It would be easy to say that country charts are just as much pop as they are country, but it’s not even that. It’s more the case that pop country is hardly country to begin with, instead, a regional and socio-politically directed filter over the model of pop song creation and proliferation. I don’t think it’s too contrary a belief that artists who skirt the line of what country sounds like and can be — a working definition of alt-country — have more in line with the genre’s introverted rambling progenitors — Johnny Cash, Townes Van Zandt, Bonnie Raitt, John Prine, Hank Williams, and Patsy Cline — than do those who have overworked the formulas to make the grade. Of course, there is no immaculate form of country that doesn’t have Nashville’s fingers in the dirt of it, but navigating a market isn’t the thrill. As our own Elizabeth Newton argued earlier this year (regarding Karl Blau’s Introducing Karl Blau), country is the music of the individual, the ballad of the troubadour that leaves us all remembering how we came to be here. Country is the act of the artist narrating their own career as it unfolds.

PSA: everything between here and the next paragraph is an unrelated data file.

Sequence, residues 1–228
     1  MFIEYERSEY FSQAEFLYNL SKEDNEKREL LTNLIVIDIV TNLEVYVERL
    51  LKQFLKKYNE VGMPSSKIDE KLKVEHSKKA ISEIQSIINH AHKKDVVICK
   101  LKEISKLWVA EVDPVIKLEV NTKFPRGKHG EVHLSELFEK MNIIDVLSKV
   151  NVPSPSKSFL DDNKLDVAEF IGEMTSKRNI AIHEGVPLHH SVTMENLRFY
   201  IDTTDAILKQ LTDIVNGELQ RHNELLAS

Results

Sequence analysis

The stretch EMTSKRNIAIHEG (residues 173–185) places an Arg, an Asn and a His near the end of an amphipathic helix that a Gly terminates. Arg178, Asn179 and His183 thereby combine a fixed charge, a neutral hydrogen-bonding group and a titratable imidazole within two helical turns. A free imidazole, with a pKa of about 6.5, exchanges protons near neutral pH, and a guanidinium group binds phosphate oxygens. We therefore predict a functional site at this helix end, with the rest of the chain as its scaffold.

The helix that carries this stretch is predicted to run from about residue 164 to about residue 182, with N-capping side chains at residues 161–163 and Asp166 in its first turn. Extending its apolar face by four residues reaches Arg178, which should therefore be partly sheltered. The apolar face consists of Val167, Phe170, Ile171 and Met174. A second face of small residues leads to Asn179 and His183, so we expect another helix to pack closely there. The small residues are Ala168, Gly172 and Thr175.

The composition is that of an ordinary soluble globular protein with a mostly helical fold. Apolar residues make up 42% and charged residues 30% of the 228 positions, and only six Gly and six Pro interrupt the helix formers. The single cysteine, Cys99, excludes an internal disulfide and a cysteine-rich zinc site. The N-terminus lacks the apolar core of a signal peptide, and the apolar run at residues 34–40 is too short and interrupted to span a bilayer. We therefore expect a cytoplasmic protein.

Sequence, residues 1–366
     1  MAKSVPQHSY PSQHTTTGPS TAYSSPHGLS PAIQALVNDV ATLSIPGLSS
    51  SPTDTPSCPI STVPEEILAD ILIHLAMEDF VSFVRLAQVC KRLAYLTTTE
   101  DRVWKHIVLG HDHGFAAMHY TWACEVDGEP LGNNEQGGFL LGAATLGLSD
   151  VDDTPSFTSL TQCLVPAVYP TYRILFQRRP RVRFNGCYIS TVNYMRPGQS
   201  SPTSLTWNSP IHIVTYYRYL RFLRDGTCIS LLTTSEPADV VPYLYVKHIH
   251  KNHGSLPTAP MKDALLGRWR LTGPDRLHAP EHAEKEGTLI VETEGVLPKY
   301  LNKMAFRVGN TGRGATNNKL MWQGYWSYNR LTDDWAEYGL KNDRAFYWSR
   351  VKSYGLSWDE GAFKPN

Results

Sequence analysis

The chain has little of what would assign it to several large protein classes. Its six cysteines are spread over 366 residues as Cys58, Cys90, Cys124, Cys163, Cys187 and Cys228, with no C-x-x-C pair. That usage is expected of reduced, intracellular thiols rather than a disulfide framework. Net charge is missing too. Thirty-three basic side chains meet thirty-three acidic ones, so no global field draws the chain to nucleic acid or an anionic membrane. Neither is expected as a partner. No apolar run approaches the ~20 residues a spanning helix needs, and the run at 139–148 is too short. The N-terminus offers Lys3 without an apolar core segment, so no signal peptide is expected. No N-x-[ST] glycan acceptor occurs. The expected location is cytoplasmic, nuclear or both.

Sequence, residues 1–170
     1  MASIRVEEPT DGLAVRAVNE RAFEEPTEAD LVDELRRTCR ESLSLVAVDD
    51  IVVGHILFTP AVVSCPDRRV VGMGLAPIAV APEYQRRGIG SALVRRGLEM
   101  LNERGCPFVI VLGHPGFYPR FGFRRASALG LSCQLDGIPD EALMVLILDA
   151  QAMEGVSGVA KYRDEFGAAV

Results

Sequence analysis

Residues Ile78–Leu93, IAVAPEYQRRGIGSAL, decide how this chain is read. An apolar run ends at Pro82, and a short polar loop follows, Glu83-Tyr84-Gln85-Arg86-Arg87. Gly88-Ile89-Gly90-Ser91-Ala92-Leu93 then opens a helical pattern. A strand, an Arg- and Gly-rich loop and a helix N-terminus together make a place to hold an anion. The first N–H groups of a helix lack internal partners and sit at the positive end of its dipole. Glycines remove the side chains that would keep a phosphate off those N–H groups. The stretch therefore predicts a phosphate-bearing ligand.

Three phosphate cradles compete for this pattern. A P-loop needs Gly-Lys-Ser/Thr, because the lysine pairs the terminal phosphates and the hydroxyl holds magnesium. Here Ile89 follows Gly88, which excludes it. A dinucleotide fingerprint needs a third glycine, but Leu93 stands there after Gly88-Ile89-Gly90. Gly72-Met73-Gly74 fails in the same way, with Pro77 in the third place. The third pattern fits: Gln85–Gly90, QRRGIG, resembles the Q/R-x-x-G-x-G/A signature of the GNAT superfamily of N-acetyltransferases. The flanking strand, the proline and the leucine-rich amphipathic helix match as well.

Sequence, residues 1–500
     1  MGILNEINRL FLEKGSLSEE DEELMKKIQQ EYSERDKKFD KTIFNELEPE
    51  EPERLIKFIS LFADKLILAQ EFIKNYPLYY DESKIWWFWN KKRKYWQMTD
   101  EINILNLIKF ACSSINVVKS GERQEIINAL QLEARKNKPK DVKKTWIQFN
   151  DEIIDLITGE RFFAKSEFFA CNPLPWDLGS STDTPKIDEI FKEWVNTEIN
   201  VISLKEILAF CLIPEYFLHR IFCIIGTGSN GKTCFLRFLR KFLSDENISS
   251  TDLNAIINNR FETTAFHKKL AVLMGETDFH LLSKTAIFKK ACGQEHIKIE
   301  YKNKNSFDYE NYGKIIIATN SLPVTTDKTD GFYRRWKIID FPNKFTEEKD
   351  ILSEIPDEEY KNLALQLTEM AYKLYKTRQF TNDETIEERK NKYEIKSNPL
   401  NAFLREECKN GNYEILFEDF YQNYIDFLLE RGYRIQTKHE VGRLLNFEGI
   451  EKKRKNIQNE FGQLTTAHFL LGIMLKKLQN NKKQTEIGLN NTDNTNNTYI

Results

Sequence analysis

Lambchop, in all their experimentation over three decades of activity, have maintained and even refined their style and motive. At first, FLOTUS strikes one as a far left turn, but its ingredients have always been around and, at its core, not much has changed. At its least, it is a recoiled but necessary rebound from 2012’s masterful and self-insistent Mr. M. It’s the album that gets the artist back on his feet with no pretense of reaching new heights, just moving in a new way. The long songs “In Care of 8675309” and “The Hustle” are latent and calmly settled, opposing the indie gimmick of the lengthy time-code as shorthand for impressive feats of ambitious artistry. Most songs on the album dwell without progression or climax, jamming and fading to muzak ambience until the mind jolts them back to the foreground. This is an effect that has been well rehearsed by Lambchop throughout the years, experimenting with repetitive form, unbroken placid textures for long durations, and short phrase repetition. These longer songs from FLOTUS are pop classics echoing in a dream — their namesakes are Tommy Tutone’s “Jenny (867-5309)” and Van McCoy’s “The Hustle” respectively — hardly representing their originators, letting them slip away into the ether between department store racks and checkout lines.